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Stephen D. Eckermann, James D. Doyle, P. Alex Reinecke, Carolyn A. Reynolds, Ronald B. Smith, David C. Fritts, and Andreas Dörnbrack

instruments on the National Science Foundation (NSF)/National Center for Atmospheric Research (NCAR) Gulfstream V research aircraft (NGV; Laursen et al. 2006 ). Yet this very lack of observational knowledge about gravity waves that spurred DEEPWAVE also complicated logistical planning for an NGV-based gravity wave measurement campaign: for example, identifying the best site and time of year; designing near-real-time flight-planning strategies to locate, intercept, and observe specific aspects of gravity

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David C. Fritts, Ronald B. Smith, Michael J. Taylor, James D. Doyle, Stephen D. Eckermann, Andreas Dörnbrack, Markus Rapp, Bifford P. Williams, P.-Dominique Pautet, Katrina Bossert, Neal R. Criddle, Carolyn A. Reynolds, P. Alex Reinecke, Michael Uddstrom, Michael J. Revell, Richard Turner, Bernd Kaifler, Johannes S. Wagner, Tyler Mixa, Christopher G. Kruse, Alison D. Nugent, Campbell D. Watson, Sonja Gisinger, Steven M. Smith, Ruth S. Lieberman, Brian Laughman, James J. Moore, William O. Brown, Julie A. Haggerty, Alison Rockwell, Gregory J. Stossmeister, Steven F. Williams, Gonzalo Hernandez, Damian J. Murphy, Andrew R. Klekociuk, Iain M. Reid, and Jun Ma

shown in Fig. 1 (bottom). Figure 2 shows the extent of all DEEPWAVE measurements in altitude and latitude. F ig . 2. North–south cross section showing the types of airborne and ground-based instruments contributing to DEEPWAVE measurements and their coverage in latitude and altitude. DEEPWAVE began with a test flight-planning exercise from 1 to 10 August 2013 to gain experience with forecasting and flight planning and to assess the reliability of such forecasts in preparation for the real field

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Stephen D. Eckermann, Dave Broutman, Jun Ma, James D. Doyle, Pierre-Dominique Pautet, Michael J. Taylor, Katrina Bossert, Bifford P. Williams, David C. Fritts, and Ronald B. Smith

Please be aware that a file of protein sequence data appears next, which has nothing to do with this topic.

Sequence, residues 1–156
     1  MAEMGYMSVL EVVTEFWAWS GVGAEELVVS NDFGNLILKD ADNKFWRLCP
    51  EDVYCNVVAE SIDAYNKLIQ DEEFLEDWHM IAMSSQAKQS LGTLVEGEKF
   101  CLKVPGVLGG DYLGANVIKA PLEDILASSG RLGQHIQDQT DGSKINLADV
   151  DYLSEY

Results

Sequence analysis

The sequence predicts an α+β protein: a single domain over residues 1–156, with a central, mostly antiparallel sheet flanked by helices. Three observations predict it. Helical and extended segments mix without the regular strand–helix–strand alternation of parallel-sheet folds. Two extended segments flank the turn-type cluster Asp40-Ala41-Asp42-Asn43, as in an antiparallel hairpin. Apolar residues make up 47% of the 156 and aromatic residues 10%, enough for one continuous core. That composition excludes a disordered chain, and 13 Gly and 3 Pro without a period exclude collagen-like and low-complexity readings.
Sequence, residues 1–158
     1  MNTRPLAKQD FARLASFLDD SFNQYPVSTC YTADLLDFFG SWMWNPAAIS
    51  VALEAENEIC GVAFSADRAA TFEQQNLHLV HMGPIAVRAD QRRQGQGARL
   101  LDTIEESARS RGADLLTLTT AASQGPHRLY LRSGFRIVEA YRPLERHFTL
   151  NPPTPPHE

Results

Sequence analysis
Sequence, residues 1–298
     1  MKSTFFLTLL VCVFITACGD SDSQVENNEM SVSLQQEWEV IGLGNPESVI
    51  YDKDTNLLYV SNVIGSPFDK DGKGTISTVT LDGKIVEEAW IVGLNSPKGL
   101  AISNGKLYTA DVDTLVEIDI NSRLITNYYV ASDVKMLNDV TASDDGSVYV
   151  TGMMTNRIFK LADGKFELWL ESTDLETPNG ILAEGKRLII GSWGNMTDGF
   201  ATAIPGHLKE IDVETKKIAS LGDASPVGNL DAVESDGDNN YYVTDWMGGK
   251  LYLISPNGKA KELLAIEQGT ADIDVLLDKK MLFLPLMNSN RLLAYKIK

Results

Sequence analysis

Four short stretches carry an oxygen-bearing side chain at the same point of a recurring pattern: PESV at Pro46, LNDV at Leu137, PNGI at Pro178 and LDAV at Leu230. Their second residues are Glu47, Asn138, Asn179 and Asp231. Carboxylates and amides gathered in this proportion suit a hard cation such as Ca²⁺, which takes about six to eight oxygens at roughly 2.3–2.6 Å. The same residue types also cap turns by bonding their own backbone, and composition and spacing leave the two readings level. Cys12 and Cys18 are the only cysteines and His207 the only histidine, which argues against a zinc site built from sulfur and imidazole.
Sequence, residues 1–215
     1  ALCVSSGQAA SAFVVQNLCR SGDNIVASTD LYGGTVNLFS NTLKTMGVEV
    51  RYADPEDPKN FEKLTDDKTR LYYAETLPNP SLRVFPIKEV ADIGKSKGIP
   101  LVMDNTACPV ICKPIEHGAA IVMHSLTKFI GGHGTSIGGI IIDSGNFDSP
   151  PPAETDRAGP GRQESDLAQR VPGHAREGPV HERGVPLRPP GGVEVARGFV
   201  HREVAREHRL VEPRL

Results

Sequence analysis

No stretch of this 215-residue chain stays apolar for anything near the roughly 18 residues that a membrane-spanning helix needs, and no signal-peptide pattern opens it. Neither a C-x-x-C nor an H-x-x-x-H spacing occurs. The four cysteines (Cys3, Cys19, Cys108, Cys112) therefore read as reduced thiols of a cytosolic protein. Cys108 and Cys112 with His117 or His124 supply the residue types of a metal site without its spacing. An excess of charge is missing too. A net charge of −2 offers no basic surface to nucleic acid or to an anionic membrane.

). Fritts et al. (2016) review the planning, execution, and initial results of DEEPWAVE. One of the many scientific objectives of DEEPWAVE was to acquire gravity wave observations to test recent ideas that gravity waves generated by small island terrain in the Southern Ocean significantly influence the large-scale momentum budget of the middle atmosphere in austral winter. This idea first arose when Alexander et al. (2009) analyzed radiances acquired by the Atmospheric Infrared Sounder (AIRS) on the

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Qingfang Jiang, James D. Doyle, Stephen D. Eckermann, and Bifford P. Williams

far to the southeast with significant amplitude at 15 km, but do at 45 km. This is consistent with the RF07 observations in Fig. 5 , which showed strong wave responses at 12 km only for the flight leg close to the terrain (cf. Figs. 5d and 5g ), whereas both AIRS and the lidar data showed strong wave responses near 45 km on all flight legs ( Figs. 5b,c,e,f ). Fig . 7. Plan views of w (color shading) and wind vectors at (a) 4 km (interval: 0.05 m s −1 ), (b) 9 km (interval: 0.02 m s −1 ), (c

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Benjamin Witschas, Stephan Rahm, Andreas Dörnbrack, Johannes Wagner, and Markus Rapp

-wave part but additionally shows an influence on the shorter wavelengths. In the future, it is planned to adapt the scan pattern of the lidar measuring consecutively with a certain off-nadir angle with forward/backward pointing beams with respect to the flight direction. Such a procedure may enable measuring the horizontal wind speed in the flight direction and the vertical wind speed with a high horizontal resolution of a few hundred meters and thus giving the possibility of estimating the vertical

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Sonja Gisinger, Andreas Dörnbrack, Vivien Matthias, James D. Doyle, Stephen D. Eckermann, Benedikt Ehard, Lars Hoffmann, Bernd Kaifler, Christopher G. Kruse, and Markus Rapp

.3%). Altogether, the trough group regimes were underrepresented compared to results from the 40-yr climatology of Kidson (2000) . Many DEEPWAVE aircraft mountain wave missions were conducted during the TNW regime. On 5 out of 7 days, when the TNW regime occurred in June and July 2014, aircraft missions were devoted to observe deep propagating orographic gravity waves and in the majority of cases significant and strong mountain wave activity was found ( Table 1 ). During the flight planning process, the weak

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Stephen D. Eckermann, Jun Ma, Karl W. Hoppel, David D. Kuhl, Douglas R. Allen, James A. Doyle, Kevin C. Viner, Benjamin C. Ruston, Nancy L. Baker, Steven D. Swadley, Timothy R. Whitcomb, Carolyn A. Reynolds, Liang Xu, N. Kaifler, B. Kaifler, Iain M. Reid, Damian J. Murphy, and Peter T. Love

)/National Center for Atmospheric Research (NCAR) Gulfstream V research aircraft (NGV; Laursen et al. 2006 ). As shown in Fig. 1b , during DEEPWAVE, the NGV was equipped with in situ and remote sensing instruments with the necessary vertical range, space–time resolution, and measurement precision to observe gravity wave dynamics over most of the 0–100-km altitude range. NGV observing missions were planned and supported by a suite of gravity wave–resolving numerical weather prediction (NWP) systems ( Fig. 1b

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